Published: August 29, 2016 - by Ray Wohlfarth

Categories: Steam

Brewing Beer with Steam Boilers

Here are some excerpts from my new book, Lessons Learned: Brewing with Steam. I wrote it to help you design, install, and maintain steam systems used in the craft brewing and distilling business.

Craft breweries are opening at a rate of one new one per day and most require a steam boiler in their brewing process. Craft distillers are projected to have the same growth curve. Brewery and distillery steam systems are much different than space heating applications as comfort steam heating systems are designed to operate on 2 pounds of pressure while many brewers and distillers operate at pressures almost 7 times higher.

I attended a seminar and met a beer industry expert who instructed the attendees to operate their steam boilers between 12 and 14 ½ psig. After the seminar, I met with the man privately and respectfully disagreed with him about his operating suggestion. I explained how low pressure steam systems are not meant to operate at that pressure and told him a boiler operating that high could lead to many production issues. The real magic with steam is the latent heat surrendered when the steam turns back to condensate. In reality, there is only a 4 Btu difference between 11 and 14 Psig.

Understanding how steam works

If you are installing a low-pressure steam boiler for a brewery or distiller, throw out everything you know about hydronic boilers. The operation of a steam system is closer to the operation of an air conditioning unit than it is to a hydronic boiler. The water inside a boiler will change state from a liquid to a vapor and then back to a liquid during the heating process.

Dry Steam

Try to imagine you are hiking in the woods on a bright sunny day, feeling good about being outside in nature. You see a storm cloud and suddenly the clouds open and rain is everywhere, turning the path you are on into a muddy mess. Each step becomes more difficult as the mud sticks to your shoes, slowing your progress. This is similar to what happens when the water from the boiler becomes entrained in the steam. This is called carryover and it makes the system to work harder. The extra effort of the steam causes it to condense prematurely sucking the energy from the steam. Steam systems are designed to heat using dry or pure steam. The term Dry Steam is confusing itself, as steam is nothing more than water heated high enough to change state and become a vapor. To operate the system properly, try to limit the amount of water in the steam, as the water will cool the steam, reducing the efficiency and effectiveness of the system.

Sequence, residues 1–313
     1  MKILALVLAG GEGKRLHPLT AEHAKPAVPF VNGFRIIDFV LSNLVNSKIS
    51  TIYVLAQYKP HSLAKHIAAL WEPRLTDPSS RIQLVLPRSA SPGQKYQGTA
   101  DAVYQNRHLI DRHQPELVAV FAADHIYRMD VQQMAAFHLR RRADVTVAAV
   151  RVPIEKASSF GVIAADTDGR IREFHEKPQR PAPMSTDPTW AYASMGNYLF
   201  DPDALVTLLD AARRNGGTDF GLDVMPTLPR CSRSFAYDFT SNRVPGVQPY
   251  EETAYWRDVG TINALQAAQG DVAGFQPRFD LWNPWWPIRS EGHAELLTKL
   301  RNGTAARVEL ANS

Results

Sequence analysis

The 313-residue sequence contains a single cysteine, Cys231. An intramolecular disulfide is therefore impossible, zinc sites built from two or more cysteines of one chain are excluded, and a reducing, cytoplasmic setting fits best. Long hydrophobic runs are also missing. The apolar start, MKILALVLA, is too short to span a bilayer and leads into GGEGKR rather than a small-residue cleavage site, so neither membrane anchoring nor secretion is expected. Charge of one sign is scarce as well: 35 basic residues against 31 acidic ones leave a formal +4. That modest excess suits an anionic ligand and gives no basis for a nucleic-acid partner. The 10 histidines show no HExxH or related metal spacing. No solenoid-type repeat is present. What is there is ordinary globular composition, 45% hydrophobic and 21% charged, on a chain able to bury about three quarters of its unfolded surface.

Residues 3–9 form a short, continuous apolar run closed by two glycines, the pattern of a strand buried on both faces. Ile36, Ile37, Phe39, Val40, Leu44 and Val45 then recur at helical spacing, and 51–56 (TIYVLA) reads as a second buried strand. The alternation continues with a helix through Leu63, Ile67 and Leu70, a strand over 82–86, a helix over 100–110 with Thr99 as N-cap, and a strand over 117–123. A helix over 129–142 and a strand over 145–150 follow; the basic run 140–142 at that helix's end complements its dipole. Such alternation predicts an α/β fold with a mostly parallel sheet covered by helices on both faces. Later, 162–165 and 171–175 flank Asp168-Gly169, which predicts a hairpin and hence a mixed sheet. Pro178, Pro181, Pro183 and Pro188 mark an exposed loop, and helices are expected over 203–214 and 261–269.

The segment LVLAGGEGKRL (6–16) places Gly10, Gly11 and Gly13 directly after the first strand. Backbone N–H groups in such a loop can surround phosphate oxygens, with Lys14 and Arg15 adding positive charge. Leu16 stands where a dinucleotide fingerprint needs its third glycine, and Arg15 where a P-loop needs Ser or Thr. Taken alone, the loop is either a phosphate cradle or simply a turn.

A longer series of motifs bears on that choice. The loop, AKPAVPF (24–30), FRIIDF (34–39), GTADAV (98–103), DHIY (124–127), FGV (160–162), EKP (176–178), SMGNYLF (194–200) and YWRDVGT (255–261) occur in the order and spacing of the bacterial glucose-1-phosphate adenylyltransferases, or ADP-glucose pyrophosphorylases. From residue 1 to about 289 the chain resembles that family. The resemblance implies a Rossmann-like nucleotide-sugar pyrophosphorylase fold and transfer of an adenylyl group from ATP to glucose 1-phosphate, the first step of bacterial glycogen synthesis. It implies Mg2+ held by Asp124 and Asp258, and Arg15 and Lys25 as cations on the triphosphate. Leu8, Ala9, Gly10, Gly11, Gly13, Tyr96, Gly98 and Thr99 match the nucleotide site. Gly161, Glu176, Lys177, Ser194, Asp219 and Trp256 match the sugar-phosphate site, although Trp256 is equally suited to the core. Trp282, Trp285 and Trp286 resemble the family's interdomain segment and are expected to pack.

Steam is basically lazy and not very smart. All steam wants to do is surrender its latent heat and revert back to water (its natural stat). Let us assume we have a quality steam boiler that produces dry steam in the range of about 95-99% pure, which means we have 1-5% water in the steam. The system uses the steam pressure to push the steam through the piping looking for someplace cool to surrender its heat at a speed of about 40 miles per hour. The friction inside the piping and the heat lost through the piping into the building causes some of the steam to condense, which lowers the steam volume. Since the condensate is cooler than the steam, the steam thinks it has found the place where it is supposed to give up the latent heat and begins to condense. This causes a ripple effect and pretty soon, the volume and temperature of the steam is much lower, reducing its ability to heat your process.

Boiler Safety Valve

A safety valve is installed on every boiler to prevent over pressurization inside the boiler. It is designed to open when the internal steam pressure is above the setpoint of the valve. Low-pressure steam boilers have a safety valve setting of 15 PSIG. Many safety valve manufacturers do not want the boiler operated at the setting of their safety valve, as it could cycle open and closed, ruining the safety valve. For example, the installation instructions for a Conbraco Model 12-14 safety valve states, The minimum required pressure margin for this type of valve is 4 PSI. UNDER NO CIRCUMSTANCES SHOULD THIS MARGIN BE LESS THAN 4 PSI! This means the boiler pressure setting should be no higher than 11 psi on a low-pressure steam boiler. If the boiler is operated close to the setting of the safety valve, it may open and push all the steam and water from the boiler. The discharge of the safety valve should include a drip panel, which will limit the weight on the relief valve and allow the drainage of any water in the discharge pipe of the relief valve. The outlet of the relief valve should be piped outside to avoid opening inside the building. Steam quickly fills the room making visibility almost non-existent. It also displaces oxygen so breathing is difficult. The steam could also find its way into electrical components creating a dangerous situation. Lastly, the steam could burn anyone it comes in contact with. A 3rd degree burn could occur within one second when exposed to steam.

Good luck when designing, installing, or servicing the steam boiler for a brewery or distiller and remember: they are not like a space heating system.

Want to learn more? Check out Lessons Learned: Brewing with Steam.